It is Hard to be a Good Partner
by Rob Weingartner
There is a lot of talk these days about doing mission in partnership. It is driven, in part, by an increasing awareness of the growing global church and respect for the initiative and faithfulness of brothers and sisters in Christ who are already engaged in mission in places where we are or seek to be involved.
For followers of Jesus the idea of partnership comes to us not from the business world but from the Bible. As the Apostle Paul wrote to the Philippians: I thank my God every time I remember you, constantly praying with joy in every one of my prayers for all of you, because of your sharing in the gospel from the first day until now. The Greek word that Paul uses is koinonia. Sharing. Communion. Participation. Partnership. These English words help to unpack the richness of the term that Paul employs.
In 1994 I was at a gathering of church leaders from across the U.S. and Africa. The large group was talking about partnership in warm, rather idealistic tones when a Rwandan pastor who would soon become a friend, a man who had not known for six months if his own wife and children had survived the genocide in Rwanda, stood up and stated with deep passion: “Partnership begins when we know the reasons for one another’s tears.”
On 9-11, seven years later, when the towers were falling in New York City, the first email that hit my in-box was from my Rwandan friend. “We are in Nairobi. We are praying for you.” And the tears were mine.
To be honest about it, partnerships are difficult for us. We cannot be a partner if we do not have needs, and most of us have so much stuff that we can insulate ourselves from our own spiritual needs and isolate ourselves from others by spending so easily on their physical needs.
Partnerships are hard because we Americans are in a hurry and want to fix things and have short attention spans. But our partners need more than week-long blessing blitzes that are primarily about our doing good in order to feel better about ourselves, and then returning home amazed that the people are so poor and still so full of joy.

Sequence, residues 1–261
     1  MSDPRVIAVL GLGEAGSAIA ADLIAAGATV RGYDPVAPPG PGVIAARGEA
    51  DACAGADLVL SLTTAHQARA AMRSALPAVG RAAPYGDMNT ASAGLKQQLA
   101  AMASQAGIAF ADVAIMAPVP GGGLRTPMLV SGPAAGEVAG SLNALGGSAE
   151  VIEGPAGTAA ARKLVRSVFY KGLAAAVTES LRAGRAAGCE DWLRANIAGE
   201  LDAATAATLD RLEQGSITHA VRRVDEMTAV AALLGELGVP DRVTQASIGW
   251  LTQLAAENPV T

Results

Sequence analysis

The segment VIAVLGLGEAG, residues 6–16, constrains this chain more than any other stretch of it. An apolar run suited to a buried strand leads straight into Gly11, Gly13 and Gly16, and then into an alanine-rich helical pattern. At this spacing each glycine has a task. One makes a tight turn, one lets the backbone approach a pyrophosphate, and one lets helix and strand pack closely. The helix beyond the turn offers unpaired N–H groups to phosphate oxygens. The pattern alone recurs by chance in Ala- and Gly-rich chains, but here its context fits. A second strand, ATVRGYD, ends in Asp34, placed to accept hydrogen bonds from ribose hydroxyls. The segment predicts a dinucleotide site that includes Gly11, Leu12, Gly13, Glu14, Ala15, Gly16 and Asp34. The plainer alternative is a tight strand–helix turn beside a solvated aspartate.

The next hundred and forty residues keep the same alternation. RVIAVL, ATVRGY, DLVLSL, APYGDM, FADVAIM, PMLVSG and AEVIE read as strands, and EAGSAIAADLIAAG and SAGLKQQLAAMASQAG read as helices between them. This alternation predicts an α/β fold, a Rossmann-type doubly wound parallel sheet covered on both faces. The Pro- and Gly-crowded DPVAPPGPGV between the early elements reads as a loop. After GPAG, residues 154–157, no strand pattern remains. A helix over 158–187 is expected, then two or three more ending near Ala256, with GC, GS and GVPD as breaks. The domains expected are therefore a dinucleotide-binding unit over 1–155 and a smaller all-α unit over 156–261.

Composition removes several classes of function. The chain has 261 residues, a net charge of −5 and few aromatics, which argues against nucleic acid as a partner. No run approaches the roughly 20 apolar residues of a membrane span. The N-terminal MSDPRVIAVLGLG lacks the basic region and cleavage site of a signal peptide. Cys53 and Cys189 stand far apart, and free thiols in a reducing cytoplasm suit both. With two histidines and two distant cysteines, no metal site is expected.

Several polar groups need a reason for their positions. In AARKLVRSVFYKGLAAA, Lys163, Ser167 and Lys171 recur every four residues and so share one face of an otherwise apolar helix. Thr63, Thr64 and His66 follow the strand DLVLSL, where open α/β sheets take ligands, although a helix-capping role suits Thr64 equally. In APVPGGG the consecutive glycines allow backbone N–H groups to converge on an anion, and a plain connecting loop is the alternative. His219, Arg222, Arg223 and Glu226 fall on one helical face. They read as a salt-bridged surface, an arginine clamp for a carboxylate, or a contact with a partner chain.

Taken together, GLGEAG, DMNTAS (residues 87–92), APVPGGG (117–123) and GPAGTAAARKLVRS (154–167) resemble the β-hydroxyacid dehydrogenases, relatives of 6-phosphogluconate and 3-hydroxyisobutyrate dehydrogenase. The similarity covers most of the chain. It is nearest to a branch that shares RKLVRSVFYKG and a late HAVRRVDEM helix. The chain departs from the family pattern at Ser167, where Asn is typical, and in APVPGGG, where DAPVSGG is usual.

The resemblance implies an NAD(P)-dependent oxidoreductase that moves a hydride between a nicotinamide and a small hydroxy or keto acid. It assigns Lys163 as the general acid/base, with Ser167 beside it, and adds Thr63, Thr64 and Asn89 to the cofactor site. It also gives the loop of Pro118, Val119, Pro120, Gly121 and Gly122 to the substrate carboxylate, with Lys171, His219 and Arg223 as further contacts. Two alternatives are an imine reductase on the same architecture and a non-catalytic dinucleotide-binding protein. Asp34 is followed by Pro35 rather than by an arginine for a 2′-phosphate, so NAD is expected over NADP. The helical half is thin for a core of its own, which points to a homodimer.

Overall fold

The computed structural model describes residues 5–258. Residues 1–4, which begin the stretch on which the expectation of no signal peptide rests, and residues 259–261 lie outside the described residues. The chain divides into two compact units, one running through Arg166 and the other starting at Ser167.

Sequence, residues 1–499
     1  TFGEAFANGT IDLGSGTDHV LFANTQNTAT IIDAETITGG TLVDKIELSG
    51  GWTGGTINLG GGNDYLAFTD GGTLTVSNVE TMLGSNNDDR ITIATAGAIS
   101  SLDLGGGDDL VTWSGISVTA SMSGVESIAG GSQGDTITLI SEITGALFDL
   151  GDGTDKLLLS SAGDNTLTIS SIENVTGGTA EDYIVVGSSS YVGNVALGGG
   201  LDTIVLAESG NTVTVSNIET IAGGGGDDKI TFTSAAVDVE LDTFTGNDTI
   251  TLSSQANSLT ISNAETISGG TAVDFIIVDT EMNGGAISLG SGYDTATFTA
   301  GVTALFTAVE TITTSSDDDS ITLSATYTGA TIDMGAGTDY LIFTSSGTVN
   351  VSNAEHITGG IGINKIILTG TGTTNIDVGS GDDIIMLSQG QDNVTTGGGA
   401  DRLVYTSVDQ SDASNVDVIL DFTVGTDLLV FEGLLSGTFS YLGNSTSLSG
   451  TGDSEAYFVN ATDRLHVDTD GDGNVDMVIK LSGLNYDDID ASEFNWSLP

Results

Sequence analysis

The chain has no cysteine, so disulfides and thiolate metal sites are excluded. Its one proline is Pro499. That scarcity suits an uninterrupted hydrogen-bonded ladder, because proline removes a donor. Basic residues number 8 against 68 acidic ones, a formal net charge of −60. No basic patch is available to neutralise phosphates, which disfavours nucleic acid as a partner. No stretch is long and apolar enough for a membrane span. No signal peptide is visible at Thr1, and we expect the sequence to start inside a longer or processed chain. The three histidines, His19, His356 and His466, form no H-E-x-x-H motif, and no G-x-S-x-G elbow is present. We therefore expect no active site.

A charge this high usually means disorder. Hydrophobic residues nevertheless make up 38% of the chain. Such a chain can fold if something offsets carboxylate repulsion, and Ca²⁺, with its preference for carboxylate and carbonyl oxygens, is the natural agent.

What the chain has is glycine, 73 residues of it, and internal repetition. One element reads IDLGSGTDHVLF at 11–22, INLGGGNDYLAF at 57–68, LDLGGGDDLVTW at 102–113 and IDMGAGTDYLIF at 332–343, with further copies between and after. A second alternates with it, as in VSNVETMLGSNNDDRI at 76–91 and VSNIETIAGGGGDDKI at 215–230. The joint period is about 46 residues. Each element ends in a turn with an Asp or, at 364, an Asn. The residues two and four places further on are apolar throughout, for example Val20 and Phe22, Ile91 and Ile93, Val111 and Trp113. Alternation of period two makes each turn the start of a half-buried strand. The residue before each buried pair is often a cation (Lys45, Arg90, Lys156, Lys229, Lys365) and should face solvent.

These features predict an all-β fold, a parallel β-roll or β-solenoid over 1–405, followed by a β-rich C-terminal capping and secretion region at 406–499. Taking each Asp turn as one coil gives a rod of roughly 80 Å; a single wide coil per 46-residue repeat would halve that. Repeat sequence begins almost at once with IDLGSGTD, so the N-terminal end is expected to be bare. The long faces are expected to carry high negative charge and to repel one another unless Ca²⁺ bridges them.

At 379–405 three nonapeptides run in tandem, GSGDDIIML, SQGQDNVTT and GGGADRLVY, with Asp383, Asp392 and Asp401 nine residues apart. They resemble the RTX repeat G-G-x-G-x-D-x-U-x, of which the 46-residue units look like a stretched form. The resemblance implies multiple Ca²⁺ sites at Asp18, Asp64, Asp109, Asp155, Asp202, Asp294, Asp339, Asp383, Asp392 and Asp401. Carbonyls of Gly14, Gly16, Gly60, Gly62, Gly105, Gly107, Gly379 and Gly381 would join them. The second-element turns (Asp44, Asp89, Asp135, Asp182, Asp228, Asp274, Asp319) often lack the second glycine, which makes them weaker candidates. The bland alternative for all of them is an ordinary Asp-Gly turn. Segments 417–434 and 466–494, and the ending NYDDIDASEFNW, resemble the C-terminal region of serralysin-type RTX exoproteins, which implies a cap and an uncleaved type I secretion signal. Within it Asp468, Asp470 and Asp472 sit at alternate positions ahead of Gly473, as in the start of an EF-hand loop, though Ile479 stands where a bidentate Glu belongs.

The joy is real; the poverty, too. But in our helping and haste we can sometimes make things worse. By rushing past any question of what God is doing in that place, in order to focus on our own doing, we can easily wind up seeking first the kingdom of our congregations and our self-righteousness. And very little is added unto us. Or to those with whom we supposedly partner.
It takes time to discern how to share resources wisely and well. And to discern what gifts our partners have to share with us. Sherron George is correct when she writes, “Unless we humbly, intentionally, and patiently build dialogical relationships and practice two-way mission with people, our cultural default is a demeaning one-way mission for people.”
Let me encourage you and your congregation – as you seek to develop relationships for the sake of God’s mission in places far away and places close to home – to go long and deep. Keep showing up. Be patient. Listen and be slow to act. Pay attention. Don’t lead with resources. Allow time for a genuine relationship to develop. And seek coaches and counselors in this difficult work of building reciprocal relationships with believers in other places, partnerships that honor them and respect them. In most places where The Outreach Foundation works, we look to long-term missionaries and global church leaders with whom we have deep relationships to provide us with this kind of coaching. They are a great help to us. And we can be of help to you.
Partnerships are not easy, but they are worth working on.
A familiar African proverb counsels, "If you want to go fast, go alone. If you want to go far, go together." Reaching across barriers of custom and culture to join hands with brothers and sisters in Christ takes time, creativity, humility and discipline – a discipline that acknowledges our own limitations and affirms our unity in Christ with others and our shared commitment to God's mission in the world.
The new expressions of partnership that I find to be compelling are not models driven by a punch-list of how tos; rather, they embody the kind of relationships that Paul goes on to commend to the believers at Philippi: Have this mind among yourselves which you have in Christ Jesus . . .
For a long time the church in the West engaged in mission from the position of privilege and power. We grew overconfident in our capacity. In this new season in which the majority church is growing by leaps and bounds – and most of our own congregations are struggling – perhaps our partners can help us to find fresh wisdom and resolve to join the crucified One and his children at the margins of this world, to learn how to humbly show and share the love of Jesus in places where he is already at work.
The Outreach Foundation